Pediatric acute lymphoblastic leukemia (ALL) represents the most common pediatric cancer diagnosis, with numbers rising gradually every year. This paper proposes a novel therapeutic agent for pediatric ALL on the basis of a failed clinical drug trial in 2006. TGN1412 was a promising therapeutic agent that yielded outstanding results in both in vitro studies and animal trials. It is a CD28 superagonist monoclonal antibody that activates T regulatory (TReg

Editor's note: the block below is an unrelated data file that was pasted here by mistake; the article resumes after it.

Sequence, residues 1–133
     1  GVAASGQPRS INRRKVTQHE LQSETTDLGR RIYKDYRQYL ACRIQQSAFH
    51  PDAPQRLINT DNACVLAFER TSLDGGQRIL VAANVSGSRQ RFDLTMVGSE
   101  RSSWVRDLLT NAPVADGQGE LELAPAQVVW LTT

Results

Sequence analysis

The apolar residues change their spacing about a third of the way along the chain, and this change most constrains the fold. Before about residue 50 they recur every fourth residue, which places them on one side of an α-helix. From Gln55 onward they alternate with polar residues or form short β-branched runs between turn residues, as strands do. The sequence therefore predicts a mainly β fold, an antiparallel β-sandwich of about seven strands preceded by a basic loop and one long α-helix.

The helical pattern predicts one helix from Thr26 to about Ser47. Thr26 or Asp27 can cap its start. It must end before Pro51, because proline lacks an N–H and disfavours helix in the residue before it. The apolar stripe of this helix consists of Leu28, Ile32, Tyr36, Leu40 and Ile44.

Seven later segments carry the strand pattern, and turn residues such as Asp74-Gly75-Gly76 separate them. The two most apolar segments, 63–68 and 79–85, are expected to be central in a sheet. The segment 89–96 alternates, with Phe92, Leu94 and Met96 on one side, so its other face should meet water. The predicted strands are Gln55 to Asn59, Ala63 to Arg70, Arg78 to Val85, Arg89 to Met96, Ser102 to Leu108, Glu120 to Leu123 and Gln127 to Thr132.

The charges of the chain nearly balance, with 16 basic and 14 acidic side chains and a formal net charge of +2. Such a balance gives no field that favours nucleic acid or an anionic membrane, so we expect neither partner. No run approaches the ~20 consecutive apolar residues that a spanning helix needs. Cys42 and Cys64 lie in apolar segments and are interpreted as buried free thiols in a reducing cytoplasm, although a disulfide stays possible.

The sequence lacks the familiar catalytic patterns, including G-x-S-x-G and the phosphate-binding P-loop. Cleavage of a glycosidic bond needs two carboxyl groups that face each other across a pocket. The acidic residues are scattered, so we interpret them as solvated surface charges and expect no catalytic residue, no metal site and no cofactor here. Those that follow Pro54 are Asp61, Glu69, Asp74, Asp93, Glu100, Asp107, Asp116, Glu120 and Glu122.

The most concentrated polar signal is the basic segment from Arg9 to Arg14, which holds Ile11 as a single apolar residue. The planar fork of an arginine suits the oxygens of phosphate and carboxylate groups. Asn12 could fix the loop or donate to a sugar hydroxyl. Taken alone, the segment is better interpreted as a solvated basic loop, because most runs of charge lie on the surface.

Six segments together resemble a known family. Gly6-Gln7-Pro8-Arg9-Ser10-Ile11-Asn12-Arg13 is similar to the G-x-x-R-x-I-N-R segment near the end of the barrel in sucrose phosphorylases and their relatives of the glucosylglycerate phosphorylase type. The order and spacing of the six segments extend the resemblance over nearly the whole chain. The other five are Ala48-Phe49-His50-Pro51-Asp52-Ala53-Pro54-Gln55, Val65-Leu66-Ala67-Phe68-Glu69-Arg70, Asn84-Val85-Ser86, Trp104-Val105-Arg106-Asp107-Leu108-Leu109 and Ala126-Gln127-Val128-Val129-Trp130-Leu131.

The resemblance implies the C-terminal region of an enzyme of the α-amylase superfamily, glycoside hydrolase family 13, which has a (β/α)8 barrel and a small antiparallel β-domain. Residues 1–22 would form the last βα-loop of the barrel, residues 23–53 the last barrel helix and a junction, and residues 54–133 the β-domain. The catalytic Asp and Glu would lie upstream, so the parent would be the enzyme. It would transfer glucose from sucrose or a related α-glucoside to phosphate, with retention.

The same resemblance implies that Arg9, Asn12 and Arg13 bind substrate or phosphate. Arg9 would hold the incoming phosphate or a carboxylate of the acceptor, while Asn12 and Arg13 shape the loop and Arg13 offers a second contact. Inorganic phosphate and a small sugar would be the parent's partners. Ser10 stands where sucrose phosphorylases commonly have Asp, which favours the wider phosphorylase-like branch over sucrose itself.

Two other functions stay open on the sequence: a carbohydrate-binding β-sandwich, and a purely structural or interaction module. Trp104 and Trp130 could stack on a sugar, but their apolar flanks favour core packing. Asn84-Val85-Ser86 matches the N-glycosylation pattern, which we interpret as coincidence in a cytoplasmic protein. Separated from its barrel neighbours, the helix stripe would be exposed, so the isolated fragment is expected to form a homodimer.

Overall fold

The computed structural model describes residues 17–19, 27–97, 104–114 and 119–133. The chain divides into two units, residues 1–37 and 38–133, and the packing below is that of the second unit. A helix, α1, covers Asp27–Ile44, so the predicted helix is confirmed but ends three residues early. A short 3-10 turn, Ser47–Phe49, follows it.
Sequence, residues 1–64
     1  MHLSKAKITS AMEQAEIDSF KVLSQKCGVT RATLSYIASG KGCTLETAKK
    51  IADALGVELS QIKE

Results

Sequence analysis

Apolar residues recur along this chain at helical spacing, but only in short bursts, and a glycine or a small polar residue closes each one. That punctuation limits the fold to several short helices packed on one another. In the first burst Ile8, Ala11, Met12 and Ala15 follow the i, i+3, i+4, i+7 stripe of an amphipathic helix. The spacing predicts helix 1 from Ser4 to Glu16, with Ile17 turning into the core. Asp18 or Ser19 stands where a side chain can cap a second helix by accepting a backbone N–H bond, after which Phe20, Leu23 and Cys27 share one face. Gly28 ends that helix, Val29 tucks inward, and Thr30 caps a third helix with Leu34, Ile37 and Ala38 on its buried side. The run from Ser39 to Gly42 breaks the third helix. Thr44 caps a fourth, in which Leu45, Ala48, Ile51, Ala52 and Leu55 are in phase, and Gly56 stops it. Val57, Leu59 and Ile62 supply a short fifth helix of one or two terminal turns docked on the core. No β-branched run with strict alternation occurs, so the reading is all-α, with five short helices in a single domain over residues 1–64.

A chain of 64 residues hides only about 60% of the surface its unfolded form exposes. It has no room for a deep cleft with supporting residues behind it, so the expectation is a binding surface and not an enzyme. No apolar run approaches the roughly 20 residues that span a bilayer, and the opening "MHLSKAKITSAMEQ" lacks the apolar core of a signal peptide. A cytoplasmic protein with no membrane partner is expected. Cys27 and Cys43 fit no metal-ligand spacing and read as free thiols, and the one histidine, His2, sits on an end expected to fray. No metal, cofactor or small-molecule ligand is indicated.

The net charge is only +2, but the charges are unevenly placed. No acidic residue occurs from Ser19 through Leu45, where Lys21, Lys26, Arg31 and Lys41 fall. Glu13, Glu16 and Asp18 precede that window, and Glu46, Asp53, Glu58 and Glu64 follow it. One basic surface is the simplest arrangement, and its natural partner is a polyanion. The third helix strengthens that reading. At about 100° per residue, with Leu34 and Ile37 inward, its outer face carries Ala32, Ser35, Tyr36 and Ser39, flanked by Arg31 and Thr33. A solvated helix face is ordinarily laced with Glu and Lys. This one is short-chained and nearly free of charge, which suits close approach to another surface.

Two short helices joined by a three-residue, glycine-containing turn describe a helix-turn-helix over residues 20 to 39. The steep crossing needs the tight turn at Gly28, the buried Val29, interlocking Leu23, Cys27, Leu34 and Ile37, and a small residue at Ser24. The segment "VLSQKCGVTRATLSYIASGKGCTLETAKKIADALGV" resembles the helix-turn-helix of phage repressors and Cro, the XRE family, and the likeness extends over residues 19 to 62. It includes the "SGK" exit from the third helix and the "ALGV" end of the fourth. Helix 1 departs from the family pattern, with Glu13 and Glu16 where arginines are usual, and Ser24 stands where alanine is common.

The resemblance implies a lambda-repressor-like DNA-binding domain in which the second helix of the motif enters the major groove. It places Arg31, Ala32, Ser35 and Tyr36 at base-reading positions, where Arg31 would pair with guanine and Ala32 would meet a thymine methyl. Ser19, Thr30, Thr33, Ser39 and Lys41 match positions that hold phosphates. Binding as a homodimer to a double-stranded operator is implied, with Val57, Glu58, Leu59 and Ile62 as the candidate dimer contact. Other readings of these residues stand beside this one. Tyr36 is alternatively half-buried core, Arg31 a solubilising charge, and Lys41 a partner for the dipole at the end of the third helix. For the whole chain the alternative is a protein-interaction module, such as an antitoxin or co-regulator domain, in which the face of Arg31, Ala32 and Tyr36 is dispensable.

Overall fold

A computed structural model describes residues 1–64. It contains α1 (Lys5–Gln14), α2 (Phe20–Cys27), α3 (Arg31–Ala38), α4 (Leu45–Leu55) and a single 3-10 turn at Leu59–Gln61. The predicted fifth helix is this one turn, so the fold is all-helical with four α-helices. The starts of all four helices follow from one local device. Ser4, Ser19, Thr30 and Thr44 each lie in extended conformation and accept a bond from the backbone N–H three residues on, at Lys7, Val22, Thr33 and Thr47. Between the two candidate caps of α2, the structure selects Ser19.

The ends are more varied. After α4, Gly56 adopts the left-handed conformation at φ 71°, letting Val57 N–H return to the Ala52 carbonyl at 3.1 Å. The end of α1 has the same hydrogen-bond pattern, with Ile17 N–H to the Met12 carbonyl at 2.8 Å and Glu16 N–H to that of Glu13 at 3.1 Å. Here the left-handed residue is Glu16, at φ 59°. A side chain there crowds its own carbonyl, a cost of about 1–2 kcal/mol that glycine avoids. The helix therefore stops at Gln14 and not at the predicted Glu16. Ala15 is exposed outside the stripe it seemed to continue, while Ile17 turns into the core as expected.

) cells in the absence of costimulation of the T cell receptor (TCR) by an antigen-presenting cell. This drug was intended as a solution to T cell deficient diseases such as B cell leukemia and autoimmune diseases such as rheumatoid arthritis. When phase I clinical trials were conducted, all volunteers that received the drug experienced severe cytokine release syndrome (CRS) and faced multiple-organ failure within hours. TGN1412 was reassessed and re-entered clinical trials as a therapeutic for rheumatoid arthritis. A new assay was developed to better quantify T cell response, and volunteers in this trial experienced no pro-inflammatory cytokine release. This essay analyzes how misinformation contributed to the failure of TGN1412 in clinical trials and how revisiting this therapeutic could yield a novel treatment for pediatric B cell leukemia.
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